Targeting generic instead of brand-name drugs not the best way to lower Ontario’s drug costs

May 4, 2010

The Ontario government has recently announced major changes to the way that it will pay for generic drugs. The aim is to rein in rapidly increasing costs for the Ontario Drug Benefit Program.

Generics help make public drug plans affordable, but, to get used, they need to be dispensed by pharmacists. In effect, what the pharmacy owners tell the generic companies is that they will not stock their products unless the companies sell to them at a discount.

The pharmacy owners are reimbursed by the government at the list price, not the discount price, and they pocket the difference—about 20% of the price of the drug. What the government is now proposing to do is to eliminate these discounts and save $750 million from an annual drug bill of $4.14 billion.

The pharmacy owners, primarily the large chains such as Shoppers Drug Mart and Rexall, are protesting this move. They claim these discounts are necessary to make their businesses economically viable and that, without the discounts, they will have to cut services and reduce store operating hours.

The McGinty government is not indifferent to what the pharmacists are saying, and has announced some relief for them. Dispensing fees—the fees for the advice that pharmacists give to patients—will be raised in rural communities from $7 to $10, and in urban centres from $7 to $8. But the pharmacies say this is too little.

Part of the solution is to stop paying pharmacists for being storekeepers and start paying them to monitor patients for adverse effects from medications, and to spend time discussing the harms and benefits of the drugs that people are taking.

Generic drug prices in Canada are undoubtedly much higher in Canada than in many other countries, so lowering these prices makes sense. But if our governments want to save even more, they need to start taking aggressive action on brand-name prices. Of the $20 billion in revenue drug manufacturers receive, 70% goes for brand-name drugs and only 30% for generic drugs.

Brand-name drug companies say that they need high prices so that they can recoup the $1 billion in research and development that they claim is necessary to bring a new drug to market. This cited amount, however, relies on an analysis of confidential data from companies supplied to a research centre that gets 40% of its income in the form of unrestricted grants from multinational drug companies.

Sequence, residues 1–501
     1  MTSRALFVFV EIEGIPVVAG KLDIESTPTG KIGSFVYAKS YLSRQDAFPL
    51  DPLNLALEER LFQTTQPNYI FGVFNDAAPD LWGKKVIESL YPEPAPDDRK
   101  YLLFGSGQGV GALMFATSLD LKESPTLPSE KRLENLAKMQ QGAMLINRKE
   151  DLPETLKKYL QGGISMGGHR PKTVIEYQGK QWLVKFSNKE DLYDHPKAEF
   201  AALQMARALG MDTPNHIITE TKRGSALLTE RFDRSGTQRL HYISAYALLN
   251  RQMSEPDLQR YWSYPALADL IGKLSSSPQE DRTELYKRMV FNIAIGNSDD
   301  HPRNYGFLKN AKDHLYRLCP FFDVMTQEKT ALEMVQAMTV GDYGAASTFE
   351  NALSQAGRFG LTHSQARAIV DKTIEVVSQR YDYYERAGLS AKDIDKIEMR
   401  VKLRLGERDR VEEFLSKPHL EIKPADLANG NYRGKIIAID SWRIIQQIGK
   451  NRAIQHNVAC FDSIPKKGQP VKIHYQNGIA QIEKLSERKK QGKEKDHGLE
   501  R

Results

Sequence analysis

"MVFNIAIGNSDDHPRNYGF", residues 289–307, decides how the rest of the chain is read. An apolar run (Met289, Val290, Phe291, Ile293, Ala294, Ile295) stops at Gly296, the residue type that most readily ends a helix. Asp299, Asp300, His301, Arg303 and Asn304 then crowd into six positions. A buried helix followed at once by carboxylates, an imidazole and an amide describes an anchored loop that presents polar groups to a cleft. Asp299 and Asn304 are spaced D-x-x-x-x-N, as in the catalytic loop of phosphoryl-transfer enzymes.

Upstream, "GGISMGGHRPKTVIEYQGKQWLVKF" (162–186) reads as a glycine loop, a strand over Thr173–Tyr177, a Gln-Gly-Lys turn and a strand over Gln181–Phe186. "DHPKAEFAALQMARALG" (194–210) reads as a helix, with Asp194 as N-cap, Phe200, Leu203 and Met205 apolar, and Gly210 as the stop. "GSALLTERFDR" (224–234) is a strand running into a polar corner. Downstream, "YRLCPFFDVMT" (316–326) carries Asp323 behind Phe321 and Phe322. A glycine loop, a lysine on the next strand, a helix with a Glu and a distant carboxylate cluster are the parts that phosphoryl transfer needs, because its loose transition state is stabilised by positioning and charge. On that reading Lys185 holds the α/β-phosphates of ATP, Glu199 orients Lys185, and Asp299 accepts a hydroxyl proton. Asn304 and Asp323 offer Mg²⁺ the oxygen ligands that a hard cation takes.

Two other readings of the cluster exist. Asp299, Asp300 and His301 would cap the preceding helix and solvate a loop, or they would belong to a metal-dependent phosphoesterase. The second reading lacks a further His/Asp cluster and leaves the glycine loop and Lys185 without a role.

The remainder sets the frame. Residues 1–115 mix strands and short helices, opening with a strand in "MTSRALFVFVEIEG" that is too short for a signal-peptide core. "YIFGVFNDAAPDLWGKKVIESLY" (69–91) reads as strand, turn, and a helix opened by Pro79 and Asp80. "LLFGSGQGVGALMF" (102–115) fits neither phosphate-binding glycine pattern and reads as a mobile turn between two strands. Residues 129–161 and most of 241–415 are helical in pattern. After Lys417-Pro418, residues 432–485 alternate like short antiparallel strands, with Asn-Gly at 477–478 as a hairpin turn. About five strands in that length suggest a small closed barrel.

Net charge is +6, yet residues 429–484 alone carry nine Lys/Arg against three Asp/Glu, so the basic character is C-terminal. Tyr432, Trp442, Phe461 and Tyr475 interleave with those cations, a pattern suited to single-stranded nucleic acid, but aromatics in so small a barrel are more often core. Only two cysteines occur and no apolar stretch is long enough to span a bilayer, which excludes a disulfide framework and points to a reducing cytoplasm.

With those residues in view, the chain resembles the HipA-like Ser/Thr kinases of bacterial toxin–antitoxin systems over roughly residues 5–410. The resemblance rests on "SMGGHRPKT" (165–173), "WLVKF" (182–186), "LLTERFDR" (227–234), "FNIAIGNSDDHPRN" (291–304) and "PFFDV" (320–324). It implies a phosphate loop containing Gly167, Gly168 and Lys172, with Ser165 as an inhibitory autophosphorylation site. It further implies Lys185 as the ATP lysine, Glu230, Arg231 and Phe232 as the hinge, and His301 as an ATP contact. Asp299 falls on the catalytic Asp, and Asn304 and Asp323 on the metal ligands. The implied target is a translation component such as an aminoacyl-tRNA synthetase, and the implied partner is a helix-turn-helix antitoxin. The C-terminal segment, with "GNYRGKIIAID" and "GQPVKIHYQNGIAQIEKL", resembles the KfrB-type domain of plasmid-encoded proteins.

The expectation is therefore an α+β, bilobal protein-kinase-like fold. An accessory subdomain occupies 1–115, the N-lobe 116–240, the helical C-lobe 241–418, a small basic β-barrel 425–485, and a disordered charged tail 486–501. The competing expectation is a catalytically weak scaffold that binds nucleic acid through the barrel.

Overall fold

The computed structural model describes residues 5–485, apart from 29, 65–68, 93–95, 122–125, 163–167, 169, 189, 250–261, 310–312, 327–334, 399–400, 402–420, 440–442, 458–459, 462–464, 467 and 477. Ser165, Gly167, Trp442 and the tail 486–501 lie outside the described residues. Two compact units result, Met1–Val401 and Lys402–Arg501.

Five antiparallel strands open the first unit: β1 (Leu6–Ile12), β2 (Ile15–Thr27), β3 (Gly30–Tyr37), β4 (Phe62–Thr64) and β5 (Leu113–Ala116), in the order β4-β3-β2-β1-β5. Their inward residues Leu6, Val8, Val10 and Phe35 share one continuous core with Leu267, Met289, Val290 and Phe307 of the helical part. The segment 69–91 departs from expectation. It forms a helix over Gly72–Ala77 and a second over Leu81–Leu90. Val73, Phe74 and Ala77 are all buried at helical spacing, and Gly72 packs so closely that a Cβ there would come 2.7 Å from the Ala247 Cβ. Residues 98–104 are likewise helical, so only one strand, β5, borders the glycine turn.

Apart from verifying how much the pharmaceutical industry actually does spend on research and development, there is the question of assessing the medical value of new drugs. Evidence from Canada and France indicates that, at best, only 15% of new drugs provide any significant therapeutic advantage over the medications that already exist.

An effective way to bring down prices is to use collective bargaining power, but right now that power is fragmented across 10 provincial, three territorial, and four federal drug plans. By contrast, in Australia, where the national government is the only bargaining agent, brand-name drug prices are about 9% lower than they are here.

Then there’s the cost of the massive promotional campaigns the big drug companies use to persuade doctors to switch from older, less expensive generic drugs to more expensive new brand-name ones. Big Pharma is reliably estimated to spend as much as $4.8 billion a year to push its drugs on doctors.

Back in the early 1990s, when the government of New Zealand was concerned about rapidly escalating drug costs, it created Pharmac, an agency that aggressively uses reference-based pricing to curb drug costs. Under this system, when there are groups of drugs that experts judge are basically the same in terms of safety and effectiveness, the government pays only for the least expensive drug in the class. According to projections, if Pharmac had not been set up, New Zealand by 2009 would have been paying $1.6 billion for drugs instead of the $670 million it was actually paying.

Steve Morgan, a health economist at the University of British Columbia, has estimated that, if Canada adopted the tactics used in New Zealand, we could cut drug prices here by 21% to 79%. So far, however, only British Columbia uses a similar system, and only for five groups of drugs. The savings have been significant, and without putting patients at risk, but no new drug groups have been added since the NDP lost power in the province in 2001.

If the real savings are in lowering brand-name drug costs, why has the Ontario government chosen to take on the pharmacy owners instead? Bringing down generic prices is only a small part of controlling drug spending in Ontario and the rest of Canada.

Dr. Joel Lexchin (MD) is an emergency department physician and teaches health policy at York University. He is a research associate with the Canadian Centre for Policy Alternatives.